Ford Motor Co. announced Wednesday that it would drop its 72-year-old Mercury brand, the latest example of an American auto giant shedding one of its divisions in an increasingly competitive marketplace.
The last set of Mercury cars is expected to roll off the line in the fourth quarter of this year. Spokesmen from the company said that though the decision was a difficult one, it was the only one the company could make from a financial standpoint. The Mercury brand's line includes the Milan and Grand Marquis cars and the Mariner and Mountaineer sport utility vehicles.
Mercury's sales have been declining, from its peak of 580,000 vehicles in 1978 to just 92,000 in 2009. The division's sales for May dropped from 10,221 last year to 9,128 this year. The market share for Mercury in the U.S. is at just 0.8 percent, while Ford's overall share in the market is about 15 percent.
At the press conference in Dearborn, Mich., Ford officials announced plans to enhance and focus on the company's Lincoln-brand automobiles and said those plans played a role in the decision to kill Mercury. That will include producing the brand's first-ever small family car.
Mark Fields, executive vice president for the company, said the desire to focus on enhancing the Lincoln line, long an image of American luxury, was a factor in the decision.
"Now it's really time to take [Lincoln] to the next level," he said.
Mr. Fields emphasized that no dealers will be eliminated, as all Mercury dealers also have either a Lincoln or a Ford franchise.
"There are no Mercury-only dealers in North America," he said, adding that no jobs would be eliminated as a result of the cut.
However, another of the spokesmen said the decision "affects people," and some dealerships "are going to go out of business."
Existing Mercury owners will receive continued access to parts and service support at Ford and Lincoln dealers, and current Mercury warranties will be honored, the company said. The Washington Times attempted to contact more than 10 Washington-area Mercury dealers, but nobody at any of them was willing to talk.
Anthony Pratt, a market analyst at Autofacts, a company of industry specialists devoted to analyzing sector trends, said he didn't think Ford's plans to keep a steady consumer base by expanding Lincoln into some of the market segments Mercury fills would have to compromise Lincoln's status as a luxury brand.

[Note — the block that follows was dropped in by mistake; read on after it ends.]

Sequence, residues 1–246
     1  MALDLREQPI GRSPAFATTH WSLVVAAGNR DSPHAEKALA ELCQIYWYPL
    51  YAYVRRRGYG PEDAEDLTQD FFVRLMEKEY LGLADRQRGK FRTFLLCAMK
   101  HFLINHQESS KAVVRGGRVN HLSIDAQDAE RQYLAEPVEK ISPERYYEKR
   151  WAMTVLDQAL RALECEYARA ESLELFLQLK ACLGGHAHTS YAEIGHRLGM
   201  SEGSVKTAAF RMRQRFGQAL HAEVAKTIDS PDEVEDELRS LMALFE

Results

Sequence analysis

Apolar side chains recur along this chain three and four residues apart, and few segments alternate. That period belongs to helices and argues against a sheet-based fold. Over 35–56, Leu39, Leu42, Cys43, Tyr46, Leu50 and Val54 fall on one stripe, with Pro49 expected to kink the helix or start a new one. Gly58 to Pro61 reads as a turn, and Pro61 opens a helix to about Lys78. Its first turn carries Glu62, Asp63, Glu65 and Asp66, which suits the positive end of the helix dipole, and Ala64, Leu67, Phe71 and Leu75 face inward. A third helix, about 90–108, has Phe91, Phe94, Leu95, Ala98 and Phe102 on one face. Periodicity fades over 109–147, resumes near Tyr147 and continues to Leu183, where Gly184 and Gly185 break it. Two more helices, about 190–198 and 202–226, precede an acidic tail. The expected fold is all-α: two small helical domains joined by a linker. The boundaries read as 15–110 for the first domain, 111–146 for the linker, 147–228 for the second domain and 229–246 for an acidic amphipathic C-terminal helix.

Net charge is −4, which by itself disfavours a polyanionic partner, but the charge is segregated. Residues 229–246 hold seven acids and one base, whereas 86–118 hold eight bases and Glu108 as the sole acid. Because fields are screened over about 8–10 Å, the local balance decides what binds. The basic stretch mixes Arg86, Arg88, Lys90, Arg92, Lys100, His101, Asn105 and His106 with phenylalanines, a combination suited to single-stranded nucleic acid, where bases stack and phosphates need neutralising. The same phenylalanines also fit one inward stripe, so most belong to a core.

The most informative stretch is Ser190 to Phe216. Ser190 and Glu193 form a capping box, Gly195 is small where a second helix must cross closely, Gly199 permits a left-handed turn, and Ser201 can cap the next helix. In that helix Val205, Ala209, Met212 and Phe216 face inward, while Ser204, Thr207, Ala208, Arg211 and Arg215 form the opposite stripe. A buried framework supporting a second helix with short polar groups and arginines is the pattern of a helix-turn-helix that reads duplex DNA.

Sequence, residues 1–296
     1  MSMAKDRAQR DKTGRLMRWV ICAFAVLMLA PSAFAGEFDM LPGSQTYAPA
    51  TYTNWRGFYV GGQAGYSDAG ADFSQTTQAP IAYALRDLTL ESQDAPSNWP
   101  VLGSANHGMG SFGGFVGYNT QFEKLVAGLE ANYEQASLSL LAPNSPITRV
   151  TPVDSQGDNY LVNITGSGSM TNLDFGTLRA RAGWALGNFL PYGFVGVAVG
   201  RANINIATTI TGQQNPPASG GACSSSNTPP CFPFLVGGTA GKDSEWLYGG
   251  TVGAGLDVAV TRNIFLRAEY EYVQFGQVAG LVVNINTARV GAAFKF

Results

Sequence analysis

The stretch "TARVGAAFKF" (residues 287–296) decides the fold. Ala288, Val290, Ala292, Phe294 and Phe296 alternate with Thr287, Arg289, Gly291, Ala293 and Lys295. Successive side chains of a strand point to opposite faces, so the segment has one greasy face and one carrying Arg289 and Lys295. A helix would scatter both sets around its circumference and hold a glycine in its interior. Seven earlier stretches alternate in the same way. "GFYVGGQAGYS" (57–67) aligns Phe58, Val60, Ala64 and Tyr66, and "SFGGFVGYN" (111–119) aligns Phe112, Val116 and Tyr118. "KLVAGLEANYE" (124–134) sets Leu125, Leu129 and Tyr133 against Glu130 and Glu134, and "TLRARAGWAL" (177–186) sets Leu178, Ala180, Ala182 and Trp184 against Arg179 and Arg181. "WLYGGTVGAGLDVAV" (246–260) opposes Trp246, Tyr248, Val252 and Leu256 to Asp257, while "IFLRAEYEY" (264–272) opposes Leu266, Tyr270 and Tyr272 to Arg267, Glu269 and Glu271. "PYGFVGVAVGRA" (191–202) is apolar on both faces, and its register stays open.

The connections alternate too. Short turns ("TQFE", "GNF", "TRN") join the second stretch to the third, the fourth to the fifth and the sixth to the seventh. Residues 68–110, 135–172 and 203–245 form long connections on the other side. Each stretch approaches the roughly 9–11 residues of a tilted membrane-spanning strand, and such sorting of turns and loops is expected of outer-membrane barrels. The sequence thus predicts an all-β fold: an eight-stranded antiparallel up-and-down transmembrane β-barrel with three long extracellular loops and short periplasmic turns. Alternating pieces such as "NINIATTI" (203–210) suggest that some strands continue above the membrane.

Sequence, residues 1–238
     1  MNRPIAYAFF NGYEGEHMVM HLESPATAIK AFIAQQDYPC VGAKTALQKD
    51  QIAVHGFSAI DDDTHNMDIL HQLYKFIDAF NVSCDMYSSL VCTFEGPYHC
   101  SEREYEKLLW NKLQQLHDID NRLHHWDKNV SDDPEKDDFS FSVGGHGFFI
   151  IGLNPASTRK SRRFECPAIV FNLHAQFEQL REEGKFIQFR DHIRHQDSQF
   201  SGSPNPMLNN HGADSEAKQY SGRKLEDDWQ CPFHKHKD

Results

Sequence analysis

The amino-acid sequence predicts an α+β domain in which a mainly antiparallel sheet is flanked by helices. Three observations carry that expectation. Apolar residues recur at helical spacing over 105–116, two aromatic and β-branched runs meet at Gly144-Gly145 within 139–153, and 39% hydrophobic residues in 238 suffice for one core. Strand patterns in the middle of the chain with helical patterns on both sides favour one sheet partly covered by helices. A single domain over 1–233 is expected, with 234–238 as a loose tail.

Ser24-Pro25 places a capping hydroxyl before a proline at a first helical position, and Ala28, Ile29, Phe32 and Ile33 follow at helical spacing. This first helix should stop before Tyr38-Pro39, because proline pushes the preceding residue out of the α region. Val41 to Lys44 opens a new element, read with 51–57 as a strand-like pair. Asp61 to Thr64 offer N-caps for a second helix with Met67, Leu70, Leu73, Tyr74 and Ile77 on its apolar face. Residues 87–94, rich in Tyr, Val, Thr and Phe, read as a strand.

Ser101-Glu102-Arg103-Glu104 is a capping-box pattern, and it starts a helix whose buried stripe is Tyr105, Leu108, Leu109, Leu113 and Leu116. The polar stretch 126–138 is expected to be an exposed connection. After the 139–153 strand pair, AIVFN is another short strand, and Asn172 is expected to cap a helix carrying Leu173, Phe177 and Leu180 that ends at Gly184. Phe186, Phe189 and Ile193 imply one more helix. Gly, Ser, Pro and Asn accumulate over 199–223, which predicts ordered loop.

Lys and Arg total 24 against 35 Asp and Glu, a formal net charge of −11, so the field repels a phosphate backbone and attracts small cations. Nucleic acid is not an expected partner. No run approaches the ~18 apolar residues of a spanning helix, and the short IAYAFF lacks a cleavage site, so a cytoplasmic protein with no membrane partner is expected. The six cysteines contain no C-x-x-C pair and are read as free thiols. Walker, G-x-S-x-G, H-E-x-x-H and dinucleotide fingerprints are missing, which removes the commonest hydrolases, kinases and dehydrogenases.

"I think people are hoping that they would stay within the Ford family," he said.
Mr. Pratt said he didn't think the change would have a negative impact on Ford Motor Co. as a whole, partly because of the company's most recent sales reports. As a whole, Ford's sales have been on the rise, jumping 21.9 percent from May 2009 to May 2010. Furthermore, the company's year-to-date sales, as of June 2, are up 30.1 percent from last year.
Ford likely didn't make the change sooner because it wanted to look out for its Lincoln/Mercury dealers, who rely in part on the Mercury brand for sales, Mr. Pratt suggested.
"Many analysts would contend that Mercury probably would have been dropped if it wasn't for Ford's commitment to its Lincoln dealers," he said.
In the past few years, Lincoln has bolstered its lineup with additional cars, including the MKS large sedan and the seven-passenger MKT, which steers the brand closer to being able to stand solo, Mr. Pratt said.
Jerry Robbin, president of the International Mercury Owners Association, said he had seen the move coming.
"On one hand, I would like them to continue manufacturing Mercury, but not at the expense of Ford," he said.
In just the past decade, Chrysler has dropped its Plymouth brand and General Motors Corp. ceased to produce Oldsmobiles. Last year's bankruptcy-related restructuring forced GM to drop or sell its Pontiac, Saturn, Saab and Hummer divisions.
Mr. Robbin, a longtime Mercury fan, said the brand has had trouble distinguishing itself from the Ford line, having strayed from its heydays of muscle cars and other head-turning vehicles. "Over the years, it's had nothing but identity crisis," he said.
Still, Mercury's troubles didn't make the matter much easier for him.
"It's sad to see that my car will become an orphan [cub]," he said. "It's kind of a sign of the times."
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